The First Mexicans
There is in Mexican society a pervasive awareness of the ancients. The Indian presence intrudes on the national psyche; it suffuses the art, philosophy, and literature. It is stamped on the face of Mexico, in the racial features of the sturdy mestizo. It lies within the marvelous prehistoric ruins among whose haunted piles the Mexicans seek their origins. It has not always been so. Following the Spanish conquest of the sixteenth century, a combination of the conquerors’ ethnocentrism and excessive Christian zeal reduced all things Indian to a level of shame. At the end of the nineteenth century Mexican political elites saw that the grandeur of the Aztec empire could be invoked to validate their own ambitions, but the great push to revive the indigenous past occurred later during the Revolution, as leaders turned it to the service of a unifying national myth that could transcend the contradictions of an ethnically and culturally divided society. In their search for mexicanidad—the spirit of an inclusive Mexican cultural identity—revolutionary intellectuals looked to new configurations of stories, places, and heroes from the past. For several decades talented anthropologists, historians, painters, musicians, novelists, and craftsmen extolled native values. Then as cultural nationalism gave way to more nuanced representations of ancient cultures, so did the circumstances of contemporary indigenous peoples pose ever more stark contrasts to the depictions of stunning past achievements. The contradictions were startlingly manifested in the Chiapas insurrection of 1994.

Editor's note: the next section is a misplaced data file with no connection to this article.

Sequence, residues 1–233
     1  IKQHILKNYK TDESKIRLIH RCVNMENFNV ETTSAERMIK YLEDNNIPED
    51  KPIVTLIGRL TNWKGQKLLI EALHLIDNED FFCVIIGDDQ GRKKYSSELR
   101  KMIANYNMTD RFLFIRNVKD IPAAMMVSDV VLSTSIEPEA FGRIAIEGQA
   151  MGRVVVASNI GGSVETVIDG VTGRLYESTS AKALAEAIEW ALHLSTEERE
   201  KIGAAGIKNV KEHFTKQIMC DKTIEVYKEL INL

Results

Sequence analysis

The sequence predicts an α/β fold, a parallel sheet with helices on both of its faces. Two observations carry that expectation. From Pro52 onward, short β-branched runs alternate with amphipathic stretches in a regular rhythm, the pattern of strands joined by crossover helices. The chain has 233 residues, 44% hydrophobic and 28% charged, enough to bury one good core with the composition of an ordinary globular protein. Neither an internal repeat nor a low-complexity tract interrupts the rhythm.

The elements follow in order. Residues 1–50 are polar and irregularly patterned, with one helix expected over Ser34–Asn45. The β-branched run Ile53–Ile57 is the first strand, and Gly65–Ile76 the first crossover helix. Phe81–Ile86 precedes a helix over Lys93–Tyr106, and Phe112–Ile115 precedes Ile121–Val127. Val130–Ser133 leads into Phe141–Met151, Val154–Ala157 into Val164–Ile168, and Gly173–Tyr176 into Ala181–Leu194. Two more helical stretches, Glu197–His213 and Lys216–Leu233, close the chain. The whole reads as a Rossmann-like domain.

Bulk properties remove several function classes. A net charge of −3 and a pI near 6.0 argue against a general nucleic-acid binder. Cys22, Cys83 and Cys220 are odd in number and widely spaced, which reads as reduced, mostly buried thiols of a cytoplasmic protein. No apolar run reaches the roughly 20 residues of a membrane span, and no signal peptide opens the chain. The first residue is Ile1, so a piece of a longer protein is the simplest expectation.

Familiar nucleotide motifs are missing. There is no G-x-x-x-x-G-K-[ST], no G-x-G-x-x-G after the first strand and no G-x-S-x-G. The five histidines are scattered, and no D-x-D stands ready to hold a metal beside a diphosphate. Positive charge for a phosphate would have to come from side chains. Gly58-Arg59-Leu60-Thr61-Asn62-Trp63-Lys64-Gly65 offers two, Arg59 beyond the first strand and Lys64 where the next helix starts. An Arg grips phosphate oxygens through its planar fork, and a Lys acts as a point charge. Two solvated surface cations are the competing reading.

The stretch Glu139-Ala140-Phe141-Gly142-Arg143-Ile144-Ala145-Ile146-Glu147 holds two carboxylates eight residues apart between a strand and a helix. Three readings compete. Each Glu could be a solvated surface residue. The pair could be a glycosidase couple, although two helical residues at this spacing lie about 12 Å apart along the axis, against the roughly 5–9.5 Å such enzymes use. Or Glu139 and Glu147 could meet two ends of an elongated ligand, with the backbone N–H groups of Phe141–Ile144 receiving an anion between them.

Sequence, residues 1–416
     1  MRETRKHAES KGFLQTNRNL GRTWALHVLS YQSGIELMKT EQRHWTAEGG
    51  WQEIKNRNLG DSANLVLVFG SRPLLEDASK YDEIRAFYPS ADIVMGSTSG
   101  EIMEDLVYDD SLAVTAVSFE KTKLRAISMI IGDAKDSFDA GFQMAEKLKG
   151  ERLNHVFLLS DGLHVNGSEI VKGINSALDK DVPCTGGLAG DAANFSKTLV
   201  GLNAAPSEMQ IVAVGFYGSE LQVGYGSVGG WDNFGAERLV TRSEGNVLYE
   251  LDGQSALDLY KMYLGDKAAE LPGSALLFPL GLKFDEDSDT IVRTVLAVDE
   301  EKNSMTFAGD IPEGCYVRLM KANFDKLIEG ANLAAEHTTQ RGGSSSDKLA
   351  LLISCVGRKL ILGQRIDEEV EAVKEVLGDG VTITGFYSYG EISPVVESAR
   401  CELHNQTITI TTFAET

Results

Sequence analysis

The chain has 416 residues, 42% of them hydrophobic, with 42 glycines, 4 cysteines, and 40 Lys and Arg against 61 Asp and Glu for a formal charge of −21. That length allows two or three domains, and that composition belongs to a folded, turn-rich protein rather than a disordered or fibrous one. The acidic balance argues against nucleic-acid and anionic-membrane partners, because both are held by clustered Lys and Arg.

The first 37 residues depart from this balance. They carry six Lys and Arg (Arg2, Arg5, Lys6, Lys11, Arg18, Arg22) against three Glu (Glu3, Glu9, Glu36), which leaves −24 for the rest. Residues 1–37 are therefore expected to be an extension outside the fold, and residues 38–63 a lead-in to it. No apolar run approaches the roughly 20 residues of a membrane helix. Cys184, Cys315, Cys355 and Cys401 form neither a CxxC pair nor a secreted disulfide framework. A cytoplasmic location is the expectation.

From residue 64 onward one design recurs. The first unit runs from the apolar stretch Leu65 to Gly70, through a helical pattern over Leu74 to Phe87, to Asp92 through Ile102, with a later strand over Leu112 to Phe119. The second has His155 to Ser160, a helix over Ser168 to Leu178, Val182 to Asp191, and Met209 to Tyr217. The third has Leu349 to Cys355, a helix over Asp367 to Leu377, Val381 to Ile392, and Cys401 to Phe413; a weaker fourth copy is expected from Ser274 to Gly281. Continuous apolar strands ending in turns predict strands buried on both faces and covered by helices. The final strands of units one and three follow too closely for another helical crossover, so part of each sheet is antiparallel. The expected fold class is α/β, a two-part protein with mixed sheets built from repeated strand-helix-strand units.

At what point or how the first Mexicans appeared on the scene is still debated. According to the most prevalent theory, they were nomads descended from the intrepid hunters who crossed from the Asian mainland to Alaska. There appear to have been successive waves of migrants, the first perhaps as early as 40,000 B.C., during the Wisconsin